If you remember back to 2013, the Flames took three players in the first round for the first time in team history. What set Monahan apart from Emile Poirier and Morgan Klimchuk, though, was his commitment to conditioning at the level of an NHLer. Monahan knew he needed to work extremely hard on his skating and foot speed if he was going to crack an NHL roster and Calgary raved about how much better he looked in that regard upon arriving at training camp.

The challenge was laid down to Tkachuk in a very similar light and it sure does sound like he’s responded, at least in his own words. Tkachuk chatted with Sportsnet 590 in Toronto this week and says he’s still focused solely on making the Flames this fall.

“I haven’t had my mind on anything other than that,” Tkachuk said. “I think it would be unfair to myself to think otherwise. Realistically, that’s my goal and for some people it could be unrealistic but for myself I think it’s a realistic opportunity. That opportunity isn’t just given to me, its got to be earned. I felt like I’ve done everything I possibly could this summer to get myself healthy and get myself back in the best shape I could be.”

Of course, words like that sound great in late August, but the proof will be in the pudding in a few weeks. That said, it sounds like Tkachuk has taken this offseason very seriously, so I’m quite intrigued to see how that translates to training camp.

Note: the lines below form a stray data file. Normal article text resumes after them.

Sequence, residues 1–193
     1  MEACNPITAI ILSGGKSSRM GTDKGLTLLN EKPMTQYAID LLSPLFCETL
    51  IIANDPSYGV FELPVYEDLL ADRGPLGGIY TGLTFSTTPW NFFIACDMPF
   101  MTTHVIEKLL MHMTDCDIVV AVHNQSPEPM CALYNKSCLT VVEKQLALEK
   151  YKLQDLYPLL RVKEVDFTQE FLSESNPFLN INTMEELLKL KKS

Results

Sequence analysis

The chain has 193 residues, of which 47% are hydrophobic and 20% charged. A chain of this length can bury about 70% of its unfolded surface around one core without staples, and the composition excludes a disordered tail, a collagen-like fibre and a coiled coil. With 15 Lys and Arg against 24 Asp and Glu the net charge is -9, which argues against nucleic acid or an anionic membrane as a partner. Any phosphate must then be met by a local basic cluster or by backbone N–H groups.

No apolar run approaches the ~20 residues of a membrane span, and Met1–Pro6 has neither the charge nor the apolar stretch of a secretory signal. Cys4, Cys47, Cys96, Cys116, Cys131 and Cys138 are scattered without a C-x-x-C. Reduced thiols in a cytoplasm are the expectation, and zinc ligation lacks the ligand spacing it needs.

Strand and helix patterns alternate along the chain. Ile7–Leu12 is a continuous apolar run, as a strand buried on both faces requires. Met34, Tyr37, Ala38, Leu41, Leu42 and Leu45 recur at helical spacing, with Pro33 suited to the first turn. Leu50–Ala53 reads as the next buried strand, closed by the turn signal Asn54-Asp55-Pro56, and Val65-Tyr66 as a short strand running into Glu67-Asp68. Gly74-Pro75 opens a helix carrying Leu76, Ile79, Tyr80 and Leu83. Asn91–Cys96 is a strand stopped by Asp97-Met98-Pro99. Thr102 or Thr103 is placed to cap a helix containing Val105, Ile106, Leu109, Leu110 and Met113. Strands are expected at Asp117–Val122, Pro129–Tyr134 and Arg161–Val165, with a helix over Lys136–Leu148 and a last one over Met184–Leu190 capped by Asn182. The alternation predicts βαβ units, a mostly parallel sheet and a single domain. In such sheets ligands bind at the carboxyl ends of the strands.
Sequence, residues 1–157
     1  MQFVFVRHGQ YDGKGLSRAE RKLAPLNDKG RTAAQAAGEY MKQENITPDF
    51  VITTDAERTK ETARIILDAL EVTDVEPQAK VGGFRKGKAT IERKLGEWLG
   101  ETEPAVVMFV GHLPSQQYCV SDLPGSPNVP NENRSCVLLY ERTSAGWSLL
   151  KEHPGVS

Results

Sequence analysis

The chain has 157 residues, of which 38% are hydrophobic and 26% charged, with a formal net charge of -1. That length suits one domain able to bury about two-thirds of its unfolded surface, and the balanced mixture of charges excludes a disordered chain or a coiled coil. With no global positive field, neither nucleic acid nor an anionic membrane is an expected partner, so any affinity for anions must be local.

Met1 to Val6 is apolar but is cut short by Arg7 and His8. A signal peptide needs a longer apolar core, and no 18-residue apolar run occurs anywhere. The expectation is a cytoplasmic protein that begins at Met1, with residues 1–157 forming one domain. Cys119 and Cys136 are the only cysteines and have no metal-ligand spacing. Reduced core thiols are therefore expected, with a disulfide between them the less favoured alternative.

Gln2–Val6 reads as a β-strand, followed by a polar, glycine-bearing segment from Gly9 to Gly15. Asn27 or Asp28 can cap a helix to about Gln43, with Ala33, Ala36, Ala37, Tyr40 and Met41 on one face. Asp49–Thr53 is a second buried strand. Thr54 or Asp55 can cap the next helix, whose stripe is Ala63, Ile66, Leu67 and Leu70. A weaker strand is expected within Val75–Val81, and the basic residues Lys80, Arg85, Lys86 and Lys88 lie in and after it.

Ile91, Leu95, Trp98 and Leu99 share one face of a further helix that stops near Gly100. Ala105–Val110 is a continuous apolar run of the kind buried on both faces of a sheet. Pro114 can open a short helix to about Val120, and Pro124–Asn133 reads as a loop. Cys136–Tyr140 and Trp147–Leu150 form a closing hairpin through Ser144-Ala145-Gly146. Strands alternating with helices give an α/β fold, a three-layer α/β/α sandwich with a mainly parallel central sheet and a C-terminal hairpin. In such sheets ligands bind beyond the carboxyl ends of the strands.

What’s best for the player

Even if Tkachuk looks like he can hang with the best in the world this season, Calgary will still have to weigh whether the NHL is best for his development. Sending a player back is rarely, if ever, damaging and if the circumstances aren’t ideal, maybe London is the best place for Tkachuk. Looking back at Sam Bennett’s rookie season can help us with this conversation.

Screen Shot 2016-08-30 at 5.28.41 PM

Bennett’s rookie season certainly had some ups and downs, with his four goal game and two 18 game goalless droughts serving as polar opposites. The question is, was the NHL unquestionably the right place for Bennett to be last year? I think the Flame made the right decision, but it’s also very much open for debate.

I’m well aware this is a hindsight conversation, which is always an easier perspective to draw an opinion from. I also know Calgary didn’t really have the option to return Bennett to the OHL after debuting him in the 2015 playoffs. But for the sake of this article, let’s just assume he was eligible to return to Kingston last season so I can sit in the devil’s advocate chair.

Had Bennett stayed in the OHL for his 19-year-old season last year, the Flames would have benefitted in a couple different ways. First, he’d likely have dominated the league, especially if his performance at the end of the 2014-2015 campaign was any indication; Bennett had 24 points in 11 regular season games after returning from shoulder surgery that year.

Second, it would have delayed Bennett’s second contract by a year. Now, Bennett doesn’t look to be in line for a huge bump in the same fashion as Monahan or Gaudreau, but he’s still going to get a decent raise. Knowing where Calgary’s cap is going, any delay in adding money to the cap can be looked at as a positive.

Even knowing all of that, though, I still think the Flames made the right choice. I’ve always been of the opinion if a player belongs in the NHL, he should be playing there, regardless of any of the other stuff. My stance isn’t going to change in Tkachuk’s case, but the junior hockey conversation is still a relevant one to have.

Conclusion